Imagine a candidate who comes out early, and strong, for adding a public option to the ACA exchanges. It could become a signature issue with the liberal grass roots during the primaries, and it wouldn’t be a bad general election issue either — the polls in 2010 showed support for a public option among Republicans and independents as well as Democrats. As Ezra Klein has noted, the sudden disappearance of the public option from Democratic politics has been “a bit curious,” but perhaps its day is coming.
I do disagree with Zornick in one respect. I do not think this issue must or necessarily will wait until the 2016 Democratic presidential primary campaign gets underway. I think it should and may well be an issue in some congressional and Senate elections in 2014. And apparently, so does rightwing University of Chicago economist John H. Cochrane, whom I had never heard of until I began reading Paul Krugman’s NYT blog regularly.
In a cringe-inducing yet revealingly panicky Wall Street Journal oped published yesterday, Cochrane acknowledges that the substantive problems with Obamacare probably are making a single-payer option or a single-payer system attractive to a broad swath of people because, well, the status quo is becoming untenable and because Obamacare has shown that major changes in the role and manner of healthcare insurance in this country are actually possible. Yes! Here in this country! Just as they were in every other advanced society in the world!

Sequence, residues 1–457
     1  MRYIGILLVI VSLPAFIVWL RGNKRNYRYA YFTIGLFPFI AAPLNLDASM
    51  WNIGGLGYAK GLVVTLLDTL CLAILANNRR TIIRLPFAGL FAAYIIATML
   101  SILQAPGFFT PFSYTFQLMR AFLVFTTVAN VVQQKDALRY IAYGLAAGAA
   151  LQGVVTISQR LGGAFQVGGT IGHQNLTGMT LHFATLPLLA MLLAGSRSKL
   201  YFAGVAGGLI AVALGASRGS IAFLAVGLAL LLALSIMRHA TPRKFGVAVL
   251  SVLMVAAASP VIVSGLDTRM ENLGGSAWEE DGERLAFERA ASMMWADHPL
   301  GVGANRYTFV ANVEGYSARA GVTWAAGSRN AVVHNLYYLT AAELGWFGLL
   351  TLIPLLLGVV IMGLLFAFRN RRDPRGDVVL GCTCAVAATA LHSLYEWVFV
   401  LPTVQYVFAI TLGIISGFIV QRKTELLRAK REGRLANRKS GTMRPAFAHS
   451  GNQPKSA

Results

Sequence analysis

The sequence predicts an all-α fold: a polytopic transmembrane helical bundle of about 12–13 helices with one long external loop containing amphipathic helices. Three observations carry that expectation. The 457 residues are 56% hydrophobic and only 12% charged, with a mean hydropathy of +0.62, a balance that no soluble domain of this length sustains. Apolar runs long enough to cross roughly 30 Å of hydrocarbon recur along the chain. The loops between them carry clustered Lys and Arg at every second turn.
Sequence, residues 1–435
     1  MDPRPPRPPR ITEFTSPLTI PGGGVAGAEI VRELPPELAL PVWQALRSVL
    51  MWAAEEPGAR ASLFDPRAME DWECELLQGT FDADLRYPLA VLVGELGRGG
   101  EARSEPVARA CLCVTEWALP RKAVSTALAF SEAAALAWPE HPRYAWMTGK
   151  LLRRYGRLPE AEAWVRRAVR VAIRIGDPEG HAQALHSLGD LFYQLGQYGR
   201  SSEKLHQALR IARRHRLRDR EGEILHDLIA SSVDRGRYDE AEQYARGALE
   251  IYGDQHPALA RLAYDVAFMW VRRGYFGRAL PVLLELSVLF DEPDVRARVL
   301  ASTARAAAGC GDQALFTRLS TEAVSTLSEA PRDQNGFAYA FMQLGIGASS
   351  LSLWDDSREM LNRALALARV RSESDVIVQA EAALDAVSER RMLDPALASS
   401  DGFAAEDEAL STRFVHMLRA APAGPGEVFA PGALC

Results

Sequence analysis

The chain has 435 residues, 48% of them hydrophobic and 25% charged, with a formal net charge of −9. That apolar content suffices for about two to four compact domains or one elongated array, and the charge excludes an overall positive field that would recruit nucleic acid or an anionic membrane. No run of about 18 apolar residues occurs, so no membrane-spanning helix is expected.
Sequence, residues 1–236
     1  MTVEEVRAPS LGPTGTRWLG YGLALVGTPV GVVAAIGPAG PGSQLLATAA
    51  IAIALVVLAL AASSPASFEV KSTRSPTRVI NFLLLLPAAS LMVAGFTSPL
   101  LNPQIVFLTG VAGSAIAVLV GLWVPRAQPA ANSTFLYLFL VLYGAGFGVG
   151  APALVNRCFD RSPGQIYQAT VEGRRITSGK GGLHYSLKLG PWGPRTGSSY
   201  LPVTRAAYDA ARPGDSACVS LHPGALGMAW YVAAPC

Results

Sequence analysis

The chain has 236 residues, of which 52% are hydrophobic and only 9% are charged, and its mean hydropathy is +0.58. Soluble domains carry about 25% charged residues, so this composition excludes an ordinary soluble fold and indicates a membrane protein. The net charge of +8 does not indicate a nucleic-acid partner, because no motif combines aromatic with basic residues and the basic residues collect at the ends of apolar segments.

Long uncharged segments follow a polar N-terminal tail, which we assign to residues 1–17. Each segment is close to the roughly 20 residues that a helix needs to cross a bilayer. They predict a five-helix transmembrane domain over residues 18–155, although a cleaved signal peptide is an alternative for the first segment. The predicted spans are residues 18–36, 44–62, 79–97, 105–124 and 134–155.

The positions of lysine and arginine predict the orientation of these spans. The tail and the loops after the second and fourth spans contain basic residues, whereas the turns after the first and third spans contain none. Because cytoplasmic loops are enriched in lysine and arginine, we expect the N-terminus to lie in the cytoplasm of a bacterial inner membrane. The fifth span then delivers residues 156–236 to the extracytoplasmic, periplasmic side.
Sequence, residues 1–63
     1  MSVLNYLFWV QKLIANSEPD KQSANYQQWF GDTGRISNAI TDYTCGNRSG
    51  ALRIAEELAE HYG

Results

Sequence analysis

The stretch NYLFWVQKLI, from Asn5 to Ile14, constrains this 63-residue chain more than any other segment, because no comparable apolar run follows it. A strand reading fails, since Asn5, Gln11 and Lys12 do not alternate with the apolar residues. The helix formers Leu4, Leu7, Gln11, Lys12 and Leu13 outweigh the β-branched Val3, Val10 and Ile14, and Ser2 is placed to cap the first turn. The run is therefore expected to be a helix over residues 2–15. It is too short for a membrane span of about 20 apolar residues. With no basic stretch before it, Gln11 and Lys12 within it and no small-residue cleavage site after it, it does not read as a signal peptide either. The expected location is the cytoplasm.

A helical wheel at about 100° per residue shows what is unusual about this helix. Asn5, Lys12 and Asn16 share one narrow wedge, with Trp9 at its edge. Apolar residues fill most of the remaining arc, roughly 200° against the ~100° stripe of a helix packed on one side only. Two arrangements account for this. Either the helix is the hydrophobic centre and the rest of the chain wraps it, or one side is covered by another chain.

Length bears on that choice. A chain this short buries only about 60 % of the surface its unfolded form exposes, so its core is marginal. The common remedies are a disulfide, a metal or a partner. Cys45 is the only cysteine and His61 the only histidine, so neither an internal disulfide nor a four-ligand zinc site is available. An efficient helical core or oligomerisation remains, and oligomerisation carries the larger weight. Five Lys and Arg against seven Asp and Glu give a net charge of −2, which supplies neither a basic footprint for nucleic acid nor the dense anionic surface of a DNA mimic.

Cochrane’s piece is titled “What to Do When ObamaCare Unravels: Health insurance should be individual, portable across jobs, states and providers, and lifelong and renewable.” The premise for his prescription is as transparently ludicrous as that prescription–the right’s favorite–has always been. The answer, he claims, is … complete nationwide deregulation of the insurance industry! Release the for-profit insurance companies to compete nationwide, and deliverance will come! Because, of course, it is the lack of nationwide competition that is what’s compelled the industry to dramatically raise premiums annually for decades now, and to create and increasingly limit “provider networks,” and to blacklist from the individual market anyone who once had a hangnail, and to spontaneously cancel policies or greatly increase the premiums of people when they do need medical care, and to have lifetime claim limits.